Sunday, September 16, 2012

The Diamond in the Silk

I just finished a magnificent and exciting book about the 1907 discovery of countless Buddhist manuscripts at the Caves of Thousand Buddhas in China. Among the treasured sutras, sealed in an airtight vault for upwards to eight centuries, rested the oldest printed book ever found, a copy of the Diamond Sutra

Journeys on the Silk Road is a fascinating historical account of how Aurel Stein, a Hungarian archaeologist in the service of the British empire, traversed the deadly climes of Turkestan to arrive at the Caves of Thousand Buddhas where he discovered one of the greatest archaeological finds in history.

"Enclosed by thick rock everywhere, except for the narrow walled-up entrance, and that too, covered up by drift-sand for centuries, the air within the small chapel could have undergone but slight change of temperature. Not in the driest soil could the relics of a ruined site have been so completely protected from injury as they had been here" (122). "Heaped up in layers, but without any order, there appeared...a solid mass of manuscript bundles rising to a height of nearly ten feet" (118). It was a veritable Buddhist El Dorado.

In truly captivating prose, authors Joyce Morgan and Conrad Walters paint a gripping portrait of Stein, a man who resembles a reticent Ahab-esque explorer in the tradition of Marco Polo or the great Chinese Buddhist explorer-monk Xuanzang.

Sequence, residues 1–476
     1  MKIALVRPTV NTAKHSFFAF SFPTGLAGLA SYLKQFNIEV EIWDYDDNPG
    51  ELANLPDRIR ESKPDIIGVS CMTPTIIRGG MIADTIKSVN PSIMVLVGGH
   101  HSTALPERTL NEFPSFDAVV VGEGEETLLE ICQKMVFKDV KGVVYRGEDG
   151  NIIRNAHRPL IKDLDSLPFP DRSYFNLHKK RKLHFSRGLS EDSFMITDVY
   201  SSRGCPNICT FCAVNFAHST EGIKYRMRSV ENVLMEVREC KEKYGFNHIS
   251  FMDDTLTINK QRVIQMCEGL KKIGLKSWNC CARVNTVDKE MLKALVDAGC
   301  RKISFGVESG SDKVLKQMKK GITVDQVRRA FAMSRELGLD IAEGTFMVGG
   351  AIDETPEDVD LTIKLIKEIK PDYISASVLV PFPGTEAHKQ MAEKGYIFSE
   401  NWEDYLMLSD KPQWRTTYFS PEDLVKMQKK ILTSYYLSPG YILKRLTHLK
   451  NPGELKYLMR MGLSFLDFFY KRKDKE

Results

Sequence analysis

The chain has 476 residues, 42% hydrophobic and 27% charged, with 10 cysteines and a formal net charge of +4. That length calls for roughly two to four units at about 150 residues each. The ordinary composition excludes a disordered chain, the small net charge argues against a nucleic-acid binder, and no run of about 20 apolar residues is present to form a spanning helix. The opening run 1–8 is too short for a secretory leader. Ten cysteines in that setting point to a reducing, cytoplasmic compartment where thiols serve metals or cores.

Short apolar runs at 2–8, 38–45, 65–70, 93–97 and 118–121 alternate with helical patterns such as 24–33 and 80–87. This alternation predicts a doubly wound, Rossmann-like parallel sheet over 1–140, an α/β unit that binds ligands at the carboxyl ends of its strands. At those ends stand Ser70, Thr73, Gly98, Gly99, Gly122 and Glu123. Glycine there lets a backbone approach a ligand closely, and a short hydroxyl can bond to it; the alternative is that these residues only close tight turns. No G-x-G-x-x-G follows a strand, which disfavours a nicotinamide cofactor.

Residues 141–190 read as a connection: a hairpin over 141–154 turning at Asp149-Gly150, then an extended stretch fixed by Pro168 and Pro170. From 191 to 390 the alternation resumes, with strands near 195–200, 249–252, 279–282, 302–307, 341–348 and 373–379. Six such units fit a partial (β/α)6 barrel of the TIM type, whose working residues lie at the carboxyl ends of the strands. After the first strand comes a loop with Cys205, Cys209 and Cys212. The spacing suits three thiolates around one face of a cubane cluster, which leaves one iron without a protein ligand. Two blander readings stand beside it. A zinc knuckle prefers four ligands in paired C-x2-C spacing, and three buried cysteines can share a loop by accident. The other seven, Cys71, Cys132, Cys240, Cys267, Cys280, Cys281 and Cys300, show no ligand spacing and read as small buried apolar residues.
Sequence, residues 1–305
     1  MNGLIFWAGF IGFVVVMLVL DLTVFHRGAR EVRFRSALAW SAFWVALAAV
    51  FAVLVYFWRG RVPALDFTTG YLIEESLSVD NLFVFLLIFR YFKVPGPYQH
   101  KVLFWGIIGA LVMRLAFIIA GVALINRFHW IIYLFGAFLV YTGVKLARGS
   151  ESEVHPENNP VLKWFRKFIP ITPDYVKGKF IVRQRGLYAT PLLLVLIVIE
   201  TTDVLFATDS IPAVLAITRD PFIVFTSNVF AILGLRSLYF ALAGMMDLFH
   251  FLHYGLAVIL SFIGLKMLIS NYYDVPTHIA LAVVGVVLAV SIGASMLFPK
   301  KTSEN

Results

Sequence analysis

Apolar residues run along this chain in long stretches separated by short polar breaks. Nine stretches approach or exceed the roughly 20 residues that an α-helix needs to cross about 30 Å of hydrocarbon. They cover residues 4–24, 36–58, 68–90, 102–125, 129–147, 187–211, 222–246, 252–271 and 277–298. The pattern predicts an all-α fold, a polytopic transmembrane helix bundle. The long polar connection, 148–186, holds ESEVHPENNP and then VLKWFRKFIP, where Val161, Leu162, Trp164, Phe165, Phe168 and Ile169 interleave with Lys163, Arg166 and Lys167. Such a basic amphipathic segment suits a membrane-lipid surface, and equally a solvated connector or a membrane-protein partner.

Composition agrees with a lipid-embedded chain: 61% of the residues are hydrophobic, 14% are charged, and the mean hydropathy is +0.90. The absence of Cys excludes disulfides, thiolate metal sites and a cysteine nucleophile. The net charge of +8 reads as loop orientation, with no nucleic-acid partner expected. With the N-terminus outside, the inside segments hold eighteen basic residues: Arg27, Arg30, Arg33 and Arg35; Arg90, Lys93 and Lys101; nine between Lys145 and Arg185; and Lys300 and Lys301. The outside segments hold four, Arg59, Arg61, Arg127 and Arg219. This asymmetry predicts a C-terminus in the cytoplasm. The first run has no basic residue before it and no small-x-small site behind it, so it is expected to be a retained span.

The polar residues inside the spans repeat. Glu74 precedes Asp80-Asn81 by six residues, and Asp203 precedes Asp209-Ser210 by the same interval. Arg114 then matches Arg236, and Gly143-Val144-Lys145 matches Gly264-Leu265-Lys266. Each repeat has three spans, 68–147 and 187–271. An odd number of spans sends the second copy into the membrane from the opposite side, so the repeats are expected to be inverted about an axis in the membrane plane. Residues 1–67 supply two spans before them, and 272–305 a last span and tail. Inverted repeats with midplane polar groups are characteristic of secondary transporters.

I was enthralled from Silk Road's very first pages. The authors trace Stein's journey from England to Turkestan to China in meticulous detail. I felt like I could hear Stein breathing on nearly every page--that's how much life the authors breathed into him--and so we share in his excitement as he "coaxes" the resident abbot, a Taoist monk, to part with many of the manuscripts. But that's just half the story.

Stein still needs to transport the relics to England, a journey just as challenging as retrieving the sutras. And of course, the scriptures still need to survive the devastating Nazi bombings of World War II. (Don't worry, they do.)

Ordinarily I enjoy strict Buddhist literature, but Journeys on the Silk Road was a pleasant and enjoyable departure for me. The book is an amazing tale of the survival of one of Mahayana Buddhism's most highly valued texts, the Diamond Sutra. I highly recommend you plumb the book's depths.

Thanks to Leyane at FSB Associates for sending me a copy of the book to review.

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